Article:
Nigel Edwards, Chief Executive of the Nuffield Trust, said:

“It is clear that the NHS and social care are facing exceptional pressures as the population ages and funding remains extremely tight. The harsh realities of attempting to meet these pressures through increased efficiency alone are becoming evident, with users of mental health services in particular experiencing unacceptably long waits. There have been some positive signs this week that Government is seeking to address this issue. But care providers, policy makers and the public need to keep asking searching questions about the point at which declines in quality are no longer tolerable.”

Dr Jennifer Dixon, Chief Executive of the Health Foundation, said:

“While our figures show national averages, the true picture in some areas in England will be worse. Signs of deterioration in access to care for people who are mentally ill are particularly worrying, given how vulnerable people in this group are. Clearly financial pressures are now having an impact on the quality of NHS care. It is important to continue this scrutiny, especially for the most vulnerable people in our society.”

The report also examines England’s persistent health inequalities and the UK’s performance in international context. The report finds that the signs are more positive, although there is still room for improvement in both areas:

  • Considerable progress has been made in driving down avoidable deaths in the most deprived areas of the country; but inequity still exists when it comes to routine operations. The most affluent groups are 1.3 times more likely to have a hip replacement than the least.   
  • The UK has a higher mortality rate from breast cancer than most OECD countries, but the gap is narrowing and the UK looks set to overtake other countries in the future. The UK’s child mortality rates, by contrast, still lag behind other OECD countries and are double those of Sweden, the best performer.


The authors recognise that the available indicators examined represent just a snapshot of the quality of care that each service provides and call on policymakers and practitioners to continue to examine and monitor quality across health and social care.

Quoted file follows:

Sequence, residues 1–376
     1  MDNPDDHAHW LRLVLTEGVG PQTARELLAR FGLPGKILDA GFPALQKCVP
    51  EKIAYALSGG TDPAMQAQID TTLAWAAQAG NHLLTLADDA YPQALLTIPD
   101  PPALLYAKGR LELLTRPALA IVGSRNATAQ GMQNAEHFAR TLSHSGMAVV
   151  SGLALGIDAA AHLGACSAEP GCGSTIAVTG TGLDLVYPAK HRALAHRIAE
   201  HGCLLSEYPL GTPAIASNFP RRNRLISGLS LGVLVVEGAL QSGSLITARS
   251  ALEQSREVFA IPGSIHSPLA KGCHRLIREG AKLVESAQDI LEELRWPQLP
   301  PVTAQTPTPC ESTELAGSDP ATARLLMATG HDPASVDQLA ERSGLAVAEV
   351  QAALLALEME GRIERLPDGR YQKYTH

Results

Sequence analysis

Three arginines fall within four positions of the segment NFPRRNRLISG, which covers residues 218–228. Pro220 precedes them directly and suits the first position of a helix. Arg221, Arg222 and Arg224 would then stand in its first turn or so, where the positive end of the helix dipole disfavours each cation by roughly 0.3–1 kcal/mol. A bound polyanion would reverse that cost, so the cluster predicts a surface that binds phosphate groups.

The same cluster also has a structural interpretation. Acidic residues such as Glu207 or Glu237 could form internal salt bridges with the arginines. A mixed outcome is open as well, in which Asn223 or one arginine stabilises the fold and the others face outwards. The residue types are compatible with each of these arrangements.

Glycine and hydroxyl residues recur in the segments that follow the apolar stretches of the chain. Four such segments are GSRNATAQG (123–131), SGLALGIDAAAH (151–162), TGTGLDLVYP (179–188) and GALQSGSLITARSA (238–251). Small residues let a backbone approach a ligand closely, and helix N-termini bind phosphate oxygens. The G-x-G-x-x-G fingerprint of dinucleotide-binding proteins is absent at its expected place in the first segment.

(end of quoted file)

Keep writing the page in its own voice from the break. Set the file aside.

Notes to editors

  • Cause for Concern is the second annual statement of the Nuffield Trust and Health Foundation’s QualityWatch programme. The programme analyses over 200 indicators to assess the quality of health and social care services in England.
  • Over the past year, analysis of the 200 indicators has been supplemented by in-depth ‘Focus On’ research reports on topics from A&E attendances to older people’s social care.
  • The Nuffield Trust is an authoritative and independent source of evidence-based research and policy analysis for improving health care in the UK. It conducts cutting edge research and influential analysis, informs and generates debate, supports leaders, and examines international best practice.
  • The Health Foundation is an independent charity working to improve the quality of healthcare in the UK.  It exists to support people working in healthcare practice and policy to make lasting improvements to health services. The Health Foundation carries out research and in-depth policy analysis, runs improvement programmes to put ideas into practice in the NHS, supports and develops leaders and shares evidence to encourage wider change.

For more information, please contact:

Leonora Merry: 020 7462 055/ 07920 043 709
Mark Dayan: 0207 462 0538/ 07779 227 129